• Tomi-chan

      I’m assuming you’re assuming that it takes sympathy not to want support the pageantry Osama’s death has created. I can not and would not celebrate the death of ANY man or woman. I’m not sorry he’s dead, but I’m not going to throw a party– that’s disgusting, we can do better than that.

    • Clnmike

      No, I am assuming it takes a healthy dose of self righteousness to look down the celebration of a mass murder.

    • Tomi-chan

      My answer is not morally superior to anyone’s… it is just that: my answer. We can agree to disagree, but don’t act like your answer is somehow more correct than mine.

    • Tomi-chan

      Also, I don’t look down on people who choose to celebrate his death, don’t assume I do because I never said that. It’s not my place to judge people who choose jubilation when they have to right to, 9/11 was an emotionally scarring event.

      I look down on the actions of the few who party and use the guise of “celebration” as a way to excuse anti-Muslim sentiments. I’ve seen some scary stuff happen because people let their anger speak for them.

  • keke

    There is so much wrong in this article. No one is saying that WE ALL have to celebrate and parade in the streets because OBL is dead, I didn’t run in the streets and I had no intentions to do but I am relieved that monster is gone. But I just don’t get why people feel the need to take others to task for how they choose to process and deal with the news OBL’s death.

    And saying that his tweets resonate with black america and to use the examples of King, Malcolm, Emmit Till and conflate those issues with OBL???? Seriously???? GTFOHWTBS!!!!

  • Clnmike

    ” I can not and would not celebrate the death of ANY man or woman. I’m not sorry he’s dead, but I’m not going to throw a party– that’s disgusting, we can do better than that.” Sounds like someone is passing superior moral judgement to me in this quote. But I agree with you, we can agree to disagree.

    • Tomi-chan

      In case you didn’t notice those two “I”s imply ownership, as in I didn’t say you don’t have to celebrate. Hell, you can tap dance in the street for all I care I am not gonna stop you, it’s within your right. I, however, will not be joining you because I don’t think it’s right. Just like YOU don’t think it’s right for me to be so vehemently against celebration (which isn’t true to begin with because of the reasons I addressed in my third post to you… but whatever, I’m not going to argue for my opinion anymore).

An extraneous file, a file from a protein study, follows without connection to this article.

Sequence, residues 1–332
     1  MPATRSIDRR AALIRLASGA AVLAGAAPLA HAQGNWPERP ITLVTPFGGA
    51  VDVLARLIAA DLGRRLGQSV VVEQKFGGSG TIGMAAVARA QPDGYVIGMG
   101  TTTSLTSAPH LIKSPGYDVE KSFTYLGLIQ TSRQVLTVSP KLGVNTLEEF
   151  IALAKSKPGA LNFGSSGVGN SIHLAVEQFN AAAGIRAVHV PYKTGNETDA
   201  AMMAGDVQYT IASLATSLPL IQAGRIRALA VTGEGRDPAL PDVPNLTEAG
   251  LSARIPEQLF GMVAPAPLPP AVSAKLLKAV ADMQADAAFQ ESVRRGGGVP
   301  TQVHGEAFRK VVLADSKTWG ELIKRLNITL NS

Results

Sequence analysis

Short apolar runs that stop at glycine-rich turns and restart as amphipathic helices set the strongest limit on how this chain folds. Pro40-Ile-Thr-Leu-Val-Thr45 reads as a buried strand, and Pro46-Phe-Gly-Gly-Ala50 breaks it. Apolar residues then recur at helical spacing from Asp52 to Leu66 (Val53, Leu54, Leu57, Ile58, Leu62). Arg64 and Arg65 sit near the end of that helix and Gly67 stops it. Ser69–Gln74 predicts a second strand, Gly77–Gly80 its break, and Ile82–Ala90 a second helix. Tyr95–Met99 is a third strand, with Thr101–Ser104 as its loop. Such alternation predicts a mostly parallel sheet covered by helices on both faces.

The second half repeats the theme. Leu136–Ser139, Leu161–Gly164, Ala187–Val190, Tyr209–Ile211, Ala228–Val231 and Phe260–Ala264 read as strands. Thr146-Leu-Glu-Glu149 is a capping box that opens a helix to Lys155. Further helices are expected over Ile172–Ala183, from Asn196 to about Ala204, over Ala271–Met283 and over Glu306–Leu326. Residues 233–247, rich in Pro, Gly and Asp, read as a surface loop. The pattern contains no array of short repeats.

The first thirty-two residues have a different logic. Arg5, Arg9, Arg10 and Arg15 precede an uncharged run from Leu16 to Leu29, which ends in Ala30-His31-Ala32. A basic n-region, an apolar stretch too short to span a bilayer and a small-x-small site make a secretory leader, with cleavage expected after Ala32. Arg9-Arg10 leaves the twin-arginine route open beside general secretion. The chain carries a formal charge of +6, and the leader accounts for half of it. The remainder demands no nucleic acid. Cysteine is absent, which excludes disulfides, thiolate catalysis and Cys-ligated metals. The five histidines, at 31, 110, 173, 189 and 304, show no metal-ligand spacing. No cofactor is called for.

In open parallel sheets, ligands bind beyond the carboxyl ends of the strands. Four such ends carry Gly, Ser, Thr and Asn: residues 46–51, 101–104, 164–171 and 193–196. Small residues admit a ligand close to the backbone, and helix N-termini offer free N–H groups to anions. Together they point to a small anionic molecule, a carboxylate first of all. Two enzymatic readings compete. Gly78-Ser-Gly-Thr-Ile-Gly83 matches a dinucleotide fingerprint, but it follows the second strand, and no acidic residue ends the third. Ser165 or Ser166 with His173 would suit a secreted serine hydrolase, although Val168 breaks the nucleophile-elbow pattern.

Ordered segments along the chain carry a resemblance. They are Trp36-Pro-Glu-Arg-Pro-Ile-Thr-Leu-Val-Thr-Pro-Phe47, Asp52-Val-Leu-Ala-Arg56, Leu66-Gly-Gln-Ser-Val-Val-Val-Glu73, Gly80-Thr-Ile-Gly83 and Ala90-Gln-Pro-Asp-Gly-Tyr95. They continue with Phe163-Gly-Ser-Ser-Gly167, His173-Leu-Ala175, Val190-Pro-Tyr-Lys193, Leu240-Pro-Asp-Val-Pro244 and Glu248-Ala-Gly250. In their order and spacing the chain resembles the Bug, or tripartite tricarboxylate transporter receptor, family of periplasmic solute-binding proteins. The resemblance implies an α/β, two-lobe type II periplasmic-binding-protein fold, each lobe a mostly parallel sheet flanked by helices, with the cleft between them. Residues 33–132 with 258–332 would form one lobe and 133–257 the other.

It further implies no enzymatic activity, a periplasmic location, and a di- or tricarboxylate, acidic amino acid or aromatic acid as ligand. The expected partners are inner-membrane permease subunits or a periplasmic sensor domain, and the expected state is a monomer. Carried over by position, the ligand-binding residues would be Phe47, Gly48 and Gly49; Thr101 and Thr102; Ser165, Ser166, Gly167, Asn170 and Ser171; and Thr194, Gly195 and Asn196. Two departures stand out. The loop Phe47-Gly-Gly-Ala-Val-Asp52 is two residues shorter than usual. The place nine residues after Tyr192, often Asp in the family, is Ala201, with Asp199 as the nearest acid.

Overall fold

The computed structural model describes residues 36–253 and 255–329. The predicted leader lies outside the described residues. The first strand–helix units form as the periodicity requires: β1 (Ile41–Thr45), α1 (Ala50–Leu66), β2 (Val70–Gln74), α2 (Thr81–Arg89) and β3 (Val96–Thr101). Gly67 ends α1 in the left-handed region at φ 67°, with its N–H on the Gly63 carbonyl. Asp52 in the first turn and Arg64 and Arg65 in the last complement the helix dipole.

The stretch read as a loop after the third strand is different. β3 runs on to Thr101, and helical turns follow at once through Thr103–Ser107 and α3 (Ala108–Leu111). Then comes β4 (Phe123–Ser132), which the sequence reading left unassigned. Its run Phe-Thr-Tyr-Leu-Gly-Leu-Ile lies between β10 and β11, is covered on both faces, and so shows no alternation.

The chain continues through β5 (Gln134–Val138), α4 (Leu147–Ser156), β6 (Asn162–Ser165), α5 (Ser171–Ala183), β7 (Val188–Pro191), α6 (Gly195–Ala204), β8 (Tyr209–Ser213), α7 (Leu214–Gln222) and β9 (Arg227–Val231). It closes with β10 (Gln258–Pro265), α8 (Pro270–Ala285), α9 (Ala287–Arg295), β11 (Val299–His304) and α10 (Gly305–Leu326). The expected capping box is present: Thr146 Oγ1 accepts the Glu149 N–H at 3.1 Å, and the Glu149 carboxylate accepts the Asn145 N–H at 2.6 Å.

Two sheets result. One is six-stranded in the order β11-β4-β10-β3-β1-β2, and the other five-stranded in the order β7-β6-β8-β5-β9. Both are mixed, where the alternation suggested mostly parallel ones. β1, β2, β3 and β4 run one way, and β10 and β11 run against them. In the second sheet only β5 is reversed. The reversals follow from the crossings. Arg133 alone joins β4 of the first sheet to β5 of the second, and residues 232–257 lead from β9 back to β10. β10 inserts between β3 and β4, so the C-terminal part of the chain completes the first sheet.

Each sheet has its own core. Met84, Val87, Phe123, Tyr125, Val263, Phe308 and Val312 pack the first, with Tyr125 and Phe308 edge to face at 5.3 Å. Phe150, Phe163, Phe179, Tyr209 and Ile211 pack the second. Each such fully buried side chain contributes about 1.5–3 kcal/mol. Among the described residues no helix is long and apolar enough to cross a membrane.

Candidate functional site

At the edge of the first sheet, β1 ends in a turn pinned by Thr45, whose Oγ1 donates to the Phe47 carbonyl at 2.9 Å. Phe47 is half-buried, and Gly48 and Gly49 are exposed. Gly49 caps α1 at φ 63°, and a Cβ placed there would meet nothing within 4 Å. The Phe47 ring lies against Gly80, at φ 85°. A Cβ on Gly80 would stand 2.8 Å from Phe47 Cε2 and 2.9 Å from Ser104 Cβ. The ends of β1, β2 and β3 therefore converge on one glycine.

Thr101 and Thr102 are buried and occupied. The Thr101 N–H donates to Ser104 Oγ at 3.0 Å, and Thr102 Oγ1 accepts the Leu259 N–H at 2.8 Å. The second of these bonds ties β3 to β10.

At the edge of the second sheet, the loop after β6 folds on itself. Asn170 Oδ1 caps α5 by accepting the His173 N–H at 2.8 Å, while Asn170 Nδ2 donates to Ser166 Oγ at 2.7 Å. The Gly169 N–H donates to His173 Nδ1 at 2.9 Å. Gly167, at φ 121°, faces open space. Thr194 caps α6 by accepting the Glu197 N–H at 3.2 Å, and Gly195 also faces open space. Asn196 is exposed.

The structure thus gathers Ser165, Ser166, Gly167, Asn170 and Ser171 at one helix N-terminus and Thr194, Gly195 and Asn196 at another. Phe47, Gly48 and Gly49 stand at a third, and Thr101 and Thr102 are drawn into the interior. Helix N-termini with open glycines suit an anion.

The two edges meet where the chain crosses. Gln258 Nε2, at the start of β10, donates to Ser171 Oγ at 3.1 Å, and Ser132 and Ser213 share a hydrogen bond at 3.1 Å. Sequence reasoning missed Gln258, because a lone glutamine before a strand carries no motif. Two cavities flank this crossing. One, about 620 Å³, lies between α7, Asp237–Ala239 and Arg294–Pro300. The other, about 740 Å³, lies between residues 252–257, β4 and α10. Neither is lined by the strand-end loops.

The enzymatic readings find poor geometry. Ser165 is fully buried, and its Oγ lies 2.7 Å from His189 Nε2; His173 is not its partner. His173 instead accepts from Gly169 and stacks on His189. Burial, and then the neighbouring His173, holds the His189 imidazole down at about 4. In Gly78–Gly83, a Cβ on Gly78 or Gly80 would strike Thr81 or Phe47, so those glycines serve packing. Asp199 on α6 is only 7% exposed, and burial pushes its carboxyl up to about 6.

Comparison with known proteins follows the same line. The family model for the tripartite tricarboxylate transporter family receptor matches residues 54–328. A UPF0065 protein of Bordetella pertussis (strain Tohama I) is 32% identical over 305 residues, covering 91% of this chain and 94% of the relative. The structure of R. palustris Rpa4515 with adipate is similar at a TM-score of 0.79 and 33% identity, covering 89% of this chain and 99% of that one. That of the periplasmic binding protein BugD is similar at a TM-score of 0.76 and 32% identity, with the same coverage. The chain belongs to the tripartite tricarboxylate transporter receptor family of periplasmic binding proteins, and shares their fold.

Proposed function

And furthermore there’s no such thing as a superior form of moral judgment, that phrase implies that we all share a universal relation and rationale when it comes to morality. Which is simply NOT true. Everything is open the interpretation of the person viewing the event. Hence why I keep saying so many a damn time it is within the person’s RIGHT.

      [- Agreeing to Disagree With You -]

  • Nicole

    “We’ll never know what really happened. I just have a hard time believing a plane could take a skyscraper down demolition style.”

    This is one of the dumbest things I’ve ever read and shows an incredible lack of reasoning. We saw two planes (out of the 4 that were purposely crashed that day) literally fly into buildings at ~500mph in real time. The reason the towers collapsed could be demonstrated by playing a game of jenga.

    Anyway, I’m not celebrating, but I’m not sad either. Bin Laden is in a COMPLETELY different category than MLK, Malcolm X or JFK. Who knows how many lives have been spared because he’s no longer at the helm. We’ll probably never know the whole truth. There are so many classified documents we’ll never read; but how silly would it be to say he’s dead only to have him pop up again? Also, it’s naïve and arrogant to think that only the US is dealing with al-Queda; there have been acts of terrorism credited to Bin Laden and al-Queda ALL OVER THE WORLD. He was a murderer who had no remorse about killing innocent people and has convinced others to think similarly, so I have no sympathy to give. Sorry.

    Skepticism is healthy, it means you’re thinking. However, there has to be some sort of factual evidence or holes in theories to back it up, otherwise it’s just skepticism for skepticism’s sake and it makes no sense to live life that way.